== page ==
Life under quarantine means watching a surplus of television online, and like many others, I am currently obsessing over the BBC/Hulu coproduction ‘Normal People’ adapted from Sally Rooney’s novel of the same name.
Daisy Edgar-Jones and Paul Mescal as Marianne and Connell in Normal People (Credit: BBC)
I was apprehensive when I heard the novel was being adapted, much as I loved the book. The story spans several years, focusing on the on-again, off-again relationship between Irish teens to twenty-somethings, Connell and Marianne. Through the years the two are constantly drawn to each other, but through miscommunication or rather lack of communication altogether, they find themselves drifting apart time and again.
The reason for my hesitation regarding the TV series was due to how much of the book tells the story in ways that cannot be shown onscreen; through though process and character observations. I worried a television version of Connell and Marianne’s would struggle to capture its intricacies, so integral to the story, or rather I wondered how it would attempt to do so without using the words Rooney employs. I needn’t have worried.
I am always protective of well-loved stories being adapted because so often their beauty on the page does not translate to the screen, but ‘Normal People’ is an example of how it can be done. The story does not have a wild plot… far from it. As the title suggests, it is just about two normal people and the relationship they have. But it is this very relationship that makes it so addictive a read. Sure, page and screen may have a different way of doing it, but get the relationship right, get the chemistry right, and it’s magic.
The chemistry between Daisy Edgar-Jones and Paul Mescal, the two lead actors, was electric, and I challenge anyone to tear their eyes away while they are on screen together. By contrast, this creates a dullness in scenes when they are with other people, and an eagerness in viewers to see them reunited, just as the author intended her readers to feel, so the series urges its audience to feel. And thank goodness it worked, for without the chemistry between Marianne and Connell, Normal People simply does not have a story to tell.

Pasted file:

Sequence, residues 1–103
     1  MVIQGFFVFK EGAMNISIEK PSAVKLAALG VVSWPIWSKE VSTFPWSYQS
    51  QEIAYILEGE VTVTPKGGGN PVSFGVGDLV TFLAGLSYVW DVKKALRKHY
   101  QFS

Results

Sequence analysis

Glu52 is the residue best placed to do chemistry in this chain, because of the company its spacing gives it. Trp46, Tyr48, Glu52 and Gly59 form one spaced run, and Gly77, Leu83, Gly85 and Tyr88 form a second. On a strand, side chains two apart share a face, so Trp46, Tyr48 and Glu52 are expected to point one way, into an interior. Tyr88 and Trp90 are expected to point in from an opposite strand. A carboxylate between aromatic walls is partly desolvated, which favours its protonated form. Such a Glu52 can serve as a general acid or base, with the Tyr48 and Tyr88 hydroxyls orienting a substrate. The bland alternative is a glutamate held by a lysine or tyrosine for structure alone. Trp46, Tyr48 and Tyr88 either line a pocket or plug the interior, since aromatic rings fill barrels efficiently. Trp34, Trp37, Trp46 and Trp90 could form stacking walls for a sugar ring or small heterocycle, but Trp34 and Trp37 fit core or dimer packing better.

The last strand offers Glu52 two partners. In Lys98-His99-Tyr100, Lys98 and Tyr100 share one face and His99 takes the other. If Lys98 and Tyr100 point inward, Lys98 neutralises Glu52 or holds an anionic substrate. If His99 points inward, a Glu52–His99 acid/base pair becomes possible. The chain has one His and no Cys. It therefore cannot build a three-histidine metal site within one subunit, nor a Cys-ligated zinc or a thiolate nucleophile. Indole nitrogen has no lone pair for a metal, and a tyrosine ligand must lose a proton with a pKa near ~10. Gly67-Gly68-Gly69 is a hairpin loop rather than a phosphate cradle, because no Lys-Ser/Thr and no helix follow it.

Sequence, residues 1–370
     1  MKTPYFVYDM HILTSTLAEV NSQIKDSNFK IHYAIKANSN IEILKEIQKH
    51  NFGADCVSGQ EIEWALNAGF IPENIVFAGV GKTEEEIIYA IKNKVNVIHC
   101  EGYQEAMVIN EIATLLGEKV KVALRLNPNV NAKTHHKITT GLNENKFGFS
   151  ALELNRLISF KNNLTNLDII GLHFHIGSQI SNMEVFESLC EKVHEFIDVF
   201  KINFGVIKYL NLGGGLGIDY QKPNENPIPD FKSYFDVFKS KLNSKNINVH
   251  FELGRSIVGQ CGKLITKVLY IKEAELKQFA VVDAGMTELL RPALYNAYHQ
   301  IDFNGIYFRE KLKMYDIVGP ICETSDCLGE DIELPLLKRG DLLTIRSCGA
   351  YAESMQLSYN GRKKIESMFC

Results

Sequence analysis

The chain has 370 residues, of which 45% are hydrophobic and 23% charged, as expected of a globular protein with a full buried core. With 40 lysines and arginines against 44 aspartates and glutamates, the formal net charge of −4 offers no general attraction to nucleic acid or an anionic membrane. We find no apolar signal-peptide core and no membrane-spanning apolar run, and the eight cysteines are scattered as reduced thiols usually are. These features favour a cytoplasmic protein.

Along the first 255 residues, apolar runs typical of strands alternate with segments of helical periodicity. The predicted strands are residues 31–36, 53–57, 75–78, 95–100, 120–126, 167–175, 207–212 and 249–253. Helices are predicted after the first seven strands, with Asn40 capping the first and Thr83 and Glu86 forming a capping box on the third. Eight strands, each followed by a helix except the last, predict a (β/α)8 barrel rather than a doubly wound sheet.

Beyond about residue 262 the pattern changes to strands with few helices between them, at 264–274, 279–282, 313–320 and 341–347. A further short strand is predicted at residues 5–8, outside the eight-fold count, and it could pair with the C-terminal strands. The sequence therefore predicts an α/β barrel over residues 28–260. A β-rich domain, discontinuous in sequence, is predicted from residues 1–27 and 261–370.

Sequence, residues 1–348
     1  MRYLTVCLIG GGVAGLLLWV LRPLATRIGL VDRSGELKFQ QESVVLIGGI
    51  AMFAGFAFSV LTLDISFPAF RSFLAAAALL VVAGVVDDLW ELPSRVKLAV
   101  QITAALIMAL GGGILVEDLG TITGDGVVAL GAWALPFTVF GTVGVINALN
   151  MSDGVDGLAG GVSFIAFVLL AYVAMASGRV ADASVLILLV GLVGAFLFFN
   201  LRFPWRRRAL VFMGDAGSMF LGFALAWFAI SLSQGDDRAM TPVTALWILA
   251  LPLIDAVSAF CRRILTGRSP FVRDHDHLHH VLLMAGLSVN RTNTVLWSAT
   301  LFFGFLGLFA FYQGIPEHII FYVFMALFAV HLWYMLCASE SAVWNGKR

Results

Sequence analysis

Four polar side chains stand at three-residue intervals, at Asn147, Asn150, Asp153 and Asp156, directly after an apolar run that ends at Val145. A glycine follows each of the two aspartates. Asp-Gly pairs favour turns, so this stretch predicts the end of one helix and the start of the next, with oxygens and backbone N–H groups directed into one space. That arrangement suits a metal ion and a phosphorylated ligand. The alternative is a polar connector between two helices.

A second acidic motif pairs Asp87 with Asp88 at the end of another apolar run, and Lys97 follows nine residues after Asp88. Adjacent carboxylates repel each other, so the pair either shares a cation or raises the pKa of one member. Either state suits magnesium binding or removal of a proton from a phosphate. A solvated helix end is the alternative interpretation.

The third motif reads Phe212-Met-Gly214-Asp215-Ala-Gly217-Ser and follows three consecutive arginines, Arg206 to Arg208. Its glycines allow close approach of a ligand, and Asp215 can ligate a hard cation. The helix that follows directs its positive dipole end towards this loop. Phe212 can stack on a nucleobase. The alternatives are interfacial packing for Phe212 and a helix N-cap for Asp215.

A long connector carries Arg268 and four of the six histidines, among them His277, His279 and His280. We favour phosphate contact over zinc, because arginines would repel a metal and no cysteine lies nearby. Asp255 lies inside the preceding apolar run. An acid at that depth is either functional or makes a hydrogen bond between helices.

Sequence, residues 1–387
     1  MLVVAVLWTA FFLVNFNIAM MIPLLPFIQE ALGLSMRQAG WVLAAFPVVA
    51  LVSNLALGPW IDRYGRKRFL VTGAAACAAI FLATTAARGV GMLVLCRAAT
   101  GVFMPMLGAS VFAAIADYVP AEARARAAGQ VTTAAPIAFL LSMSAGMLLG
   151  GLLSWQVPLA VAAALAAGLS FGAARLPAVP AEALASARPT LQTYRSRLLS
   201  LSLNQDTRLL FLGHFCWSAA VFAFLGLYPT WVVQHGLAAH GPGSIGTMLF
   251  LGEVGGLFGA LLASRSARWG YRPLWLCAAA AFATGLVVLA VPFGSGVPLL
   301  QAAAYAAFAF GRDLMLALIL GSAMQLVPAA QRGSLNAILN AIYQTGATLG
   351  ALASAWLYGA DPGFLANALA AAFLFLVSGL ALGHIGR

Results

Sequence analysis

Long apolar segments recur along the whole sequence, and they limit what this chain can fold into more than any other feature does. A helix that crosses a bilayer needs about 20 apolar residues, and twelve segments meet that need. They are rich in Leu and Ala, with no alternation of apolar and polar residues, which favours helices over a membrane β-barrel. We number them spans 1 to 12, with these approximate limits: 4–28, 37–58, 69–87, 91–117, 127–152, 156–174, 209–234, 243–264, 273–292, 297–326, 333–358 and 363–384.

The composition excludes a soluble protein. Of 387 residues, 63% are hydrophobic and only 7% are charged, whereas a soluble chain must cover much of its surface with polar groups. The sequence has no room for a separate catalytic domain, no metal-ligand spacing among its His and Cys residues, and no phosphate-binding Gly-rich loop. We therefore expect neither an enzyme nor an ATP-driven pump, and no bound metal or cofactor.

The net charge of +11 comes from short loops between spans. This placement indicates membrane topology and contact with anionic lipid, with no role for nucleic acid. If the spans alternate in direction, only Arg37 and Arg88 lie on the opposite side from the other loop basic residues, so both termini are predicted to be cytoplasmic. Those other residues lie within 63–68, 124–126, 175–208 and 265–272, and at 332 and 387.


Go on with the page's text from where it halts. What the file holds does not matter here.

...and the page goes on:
There is nothing better than when a relationship you’re so enraptured by in writing transitions so flawlessly onto the screen because let’s be honest… we all love stories that make us feel giddy, admit it or not. Here are two of my other favourite examples that excel at this in the same way.
Elio and Oliver, Call Me By Your Name
A book told largely through the obsessive thoughts of absolutely infatuated 17-year-old Elio was beautifully translated thanks to the skilful hand of director Luca Guadagnino. So much is made of the small moments that make up the large chunk of the story before the two get together that by the time it does finally happen, audiences brief a sigh of relief. Actors Timothée Chalamet and Armie Hammer did a terrific job of capturing the electricity between the characters of André Aciman’s 2007 novel, and the result is enchanting to watch.
Henry and Clare, The Time Traveller’s Wife
Unlike ‘Normal People’ but again as the title would suggest, the plot of this story is a far-fetched one. Rather than the extraordinary fact of time travel in the central character, Henry, it is his lifelong love with Clare that is the story’s focus. To create belief in a relationship so strong as the book did so masterfully, the film adaptation had to cast two actors whose chemistry went all the way, and boy did they nail it.